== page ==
Father Paul Clark, J.C.L.
Hometown: Hanover, Pa.
Education: Conewago Valley Elementary School in Hanover, New Oxford High School, McDaniel College in Westminster, Md., St. Vincent Seminary in Latrobe, Pa.
Assignment: Judicial Vicar for the Diocese of Harrisburg and Pastor of St. Matthew Parish in Dauphin
Tell me a little bit about your childhood.
I grew up in the southern tier of the Diocese, along the Mason-Dixon line. My hometown is Hanover, Pa. I grew up in the parish of St. Vincent de Paul. When I was in seventh grade, we moved out of the formal boundaries of St. Vincent into the parish boundaries of the Church of the Annunciation. I went to Religious Education at St. Vincent from first grade through fifth grade, and then from sixth on, I went to Annunciation. At Annunciation, I think it was there that I realized, ‘Wow! Our faith is awesome.” I had great teachers at Annunciation and that’s where I then went to Mass.
We’re form-able in sixth, seventh and eighth grade, preparing for Confirmation. Those teachers were awesome and they lived the faith, too. I saw that in them. I saw their good example…. My sixth, seventh and eighth grade teachers at Annunciation in Religious Education were women, and one was a Sister – Sister Maria May.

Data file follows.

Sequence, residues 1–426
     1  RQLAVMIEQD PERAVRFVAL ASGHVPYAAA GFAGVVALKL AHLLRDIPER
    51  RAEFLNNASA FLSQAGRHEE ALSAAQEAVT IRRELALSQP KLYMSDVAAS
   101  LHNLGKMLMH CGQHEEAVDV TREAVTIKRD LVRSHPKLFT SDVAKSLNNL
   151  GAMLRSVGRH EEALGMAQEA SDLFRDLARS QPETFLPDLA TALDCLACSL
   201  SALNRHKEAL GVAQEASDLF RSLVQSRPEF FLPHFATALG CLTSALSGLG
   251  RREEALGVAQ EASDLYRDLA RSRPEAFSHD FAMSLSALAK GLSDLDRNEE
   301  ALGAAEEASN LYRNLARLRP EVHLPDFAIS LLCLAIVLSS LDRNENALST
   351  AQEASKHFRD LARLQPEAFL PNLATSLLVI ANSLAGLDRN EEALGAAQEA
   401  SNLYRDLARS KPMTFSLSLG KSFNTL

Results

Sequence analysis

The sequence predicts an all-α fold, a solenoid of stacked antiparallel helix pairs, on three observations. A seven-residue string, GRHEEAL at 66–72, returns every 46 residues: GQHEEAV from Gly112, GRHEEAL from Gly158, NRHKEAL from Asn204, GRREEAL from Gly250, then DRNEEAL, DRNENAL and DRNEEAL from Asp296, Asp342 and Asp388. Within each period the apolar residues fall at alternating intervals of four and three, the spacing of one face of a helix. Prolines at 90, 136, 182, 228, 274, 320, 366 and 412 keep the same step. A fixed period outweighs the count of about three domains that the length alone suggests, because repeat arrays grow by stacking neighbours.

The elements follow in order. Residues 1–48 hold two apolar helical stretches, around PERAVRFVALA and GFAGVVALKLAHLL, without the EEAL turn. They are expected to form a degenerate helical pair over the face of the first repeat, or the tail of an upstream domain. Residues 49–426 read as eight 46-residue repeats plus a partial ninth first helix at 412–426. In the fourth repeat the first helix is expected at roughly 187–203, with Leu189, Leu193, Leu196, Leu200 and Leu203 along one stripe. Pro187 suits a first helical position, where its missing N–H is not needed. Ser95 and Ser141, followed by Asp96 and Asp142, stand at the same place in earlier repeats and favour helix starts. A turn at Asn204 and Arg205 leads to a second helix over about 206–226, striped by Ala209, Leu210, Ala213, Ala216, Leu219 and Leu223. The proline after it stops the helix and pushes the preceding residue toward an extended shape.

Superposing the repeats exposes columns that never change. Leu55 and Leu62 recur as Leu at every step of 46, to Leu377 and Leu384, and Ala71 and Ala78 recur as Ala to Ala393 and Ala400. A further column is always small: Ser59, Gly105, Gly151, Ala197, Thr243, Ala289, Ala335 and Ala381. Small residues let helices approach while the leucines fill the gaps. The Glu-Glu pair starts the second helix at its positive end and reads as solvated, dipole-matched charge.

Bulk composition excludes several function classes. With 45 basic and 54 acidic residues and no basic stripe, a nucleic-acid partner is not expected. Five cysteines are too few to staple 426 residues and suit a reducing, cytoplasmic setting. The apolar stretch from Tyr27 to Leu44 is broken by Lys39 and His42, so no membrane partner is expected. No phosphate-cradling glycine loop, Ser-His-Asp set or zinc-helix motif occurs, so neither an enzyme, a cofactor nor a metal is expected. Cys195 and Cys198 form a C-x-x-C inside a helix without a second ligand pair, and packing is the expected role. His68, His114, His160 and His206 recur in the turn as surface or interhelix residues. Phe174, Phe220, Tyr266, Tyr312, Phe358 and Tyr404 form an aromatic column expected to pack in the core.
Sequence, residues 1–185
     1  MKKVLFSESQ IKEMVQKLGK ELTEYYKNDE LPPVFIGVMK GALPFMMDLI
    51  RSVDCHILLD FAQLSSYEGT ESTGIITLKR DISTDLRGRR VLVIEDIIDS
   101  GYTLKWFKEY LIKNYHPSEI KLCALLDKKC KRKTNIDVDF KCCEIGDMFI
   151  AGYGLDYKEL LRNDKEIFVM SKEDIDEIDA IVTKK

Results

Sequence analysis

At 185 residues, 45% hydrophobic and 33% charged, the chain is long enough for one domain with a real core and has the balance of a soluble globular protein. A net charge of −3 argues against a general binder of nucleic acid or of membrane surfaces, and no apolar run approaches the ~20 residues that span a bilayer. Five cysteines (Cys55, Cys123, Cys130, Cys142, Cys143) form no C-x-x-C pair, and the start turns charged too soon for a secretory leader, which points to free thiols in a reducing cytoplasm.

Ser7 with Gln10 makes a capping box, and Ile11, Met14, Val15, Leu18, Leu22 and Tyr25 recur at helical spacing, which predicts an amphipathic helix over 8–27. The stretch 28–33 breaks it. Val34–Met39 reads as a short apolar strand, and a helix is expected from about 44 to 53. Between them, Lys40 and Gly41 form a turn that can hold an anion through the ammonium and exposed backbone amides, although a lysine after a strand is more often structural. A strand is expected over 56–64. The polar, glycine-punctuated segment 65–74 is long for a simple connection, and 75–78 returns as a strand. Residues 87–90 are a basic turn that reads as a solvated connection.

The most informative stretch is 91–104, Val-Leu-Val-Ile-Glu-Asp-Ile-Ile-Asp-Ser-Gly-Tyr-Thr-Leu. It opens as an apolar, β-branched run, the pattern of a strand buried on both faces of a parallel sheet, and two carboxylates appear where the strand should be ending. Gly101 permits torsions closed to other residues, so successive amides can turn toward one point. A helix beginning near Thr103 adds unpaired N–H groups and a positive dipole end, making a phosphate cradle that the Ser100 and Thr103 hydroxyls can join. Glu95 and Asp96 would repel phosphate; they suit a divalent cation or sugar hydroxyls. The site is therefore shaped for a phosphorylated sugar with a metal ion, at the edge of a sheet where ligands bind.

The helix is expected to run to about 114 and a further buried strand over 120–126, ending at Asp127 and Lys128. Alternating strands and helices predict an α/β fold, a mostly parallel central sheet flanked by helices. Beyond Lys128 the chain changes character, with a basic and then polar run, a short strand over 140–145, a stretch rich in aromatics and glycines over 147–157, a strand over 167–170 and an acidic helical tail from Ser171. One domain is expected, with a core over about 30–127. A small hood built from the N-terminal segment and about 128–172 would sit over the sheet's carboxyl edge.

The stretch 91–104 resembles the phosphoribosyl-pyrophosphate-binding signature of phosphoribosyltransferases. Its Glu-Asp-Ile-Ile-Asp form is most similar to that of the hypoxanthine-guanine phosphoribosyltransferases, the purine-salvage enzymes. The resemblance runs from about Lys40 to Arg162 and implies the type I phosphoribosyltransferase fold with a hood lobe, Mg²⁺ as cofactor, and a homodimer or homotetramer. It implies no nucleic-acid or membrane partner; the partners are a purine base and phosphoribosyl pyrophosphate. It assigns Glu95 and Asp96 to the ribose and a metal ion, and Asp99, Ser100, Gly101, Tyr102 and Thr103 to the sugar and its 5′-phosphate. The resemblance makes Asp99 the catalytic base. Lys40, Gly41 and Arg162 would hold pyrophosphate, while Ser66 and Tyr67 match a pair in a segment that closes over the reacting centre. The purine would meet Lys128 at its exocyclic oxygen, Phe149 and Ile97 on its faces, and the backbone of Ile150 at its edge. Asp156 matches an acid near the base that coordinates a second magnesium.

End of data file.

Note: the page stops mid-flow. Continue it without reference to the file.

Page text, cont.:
I think the seed of my vocation, of course, began at home with my parents. They were and they are today very hard workers. I’m a cradle Catholic. My mother’s side is Italian, my father’s side is German, and it is a super loving family. They’re awesome parents. They’re happy I’m a priest, they just don’t get to see me so much. But definitely my vocation began in the domestic Church of the home. My mother is all about hospitality. You’re always welcome at the table.
When did you start giving serious thought about the priesthood?
I started thinking really seriously about a priestly vocation at Annunciation. If you’ve ever been to that church, it’s beautiful, and beauty is attractive. In those grades, I was attracted to the Mass. My mother, at that time, worked at Doubleday, a book publishing company in Hanover, and my father ran a restaurant. I had very busy parents, and sometimes they worked on Sundays. Here I am, probably after eighth grade, saying, “Ok, it’s Sunday morning. Who’s taking me to Mass?” So I walked. I walked up the hill, went across Main Street and went to Mass. It was attractive to me. It had an objective beauty and attraction to me.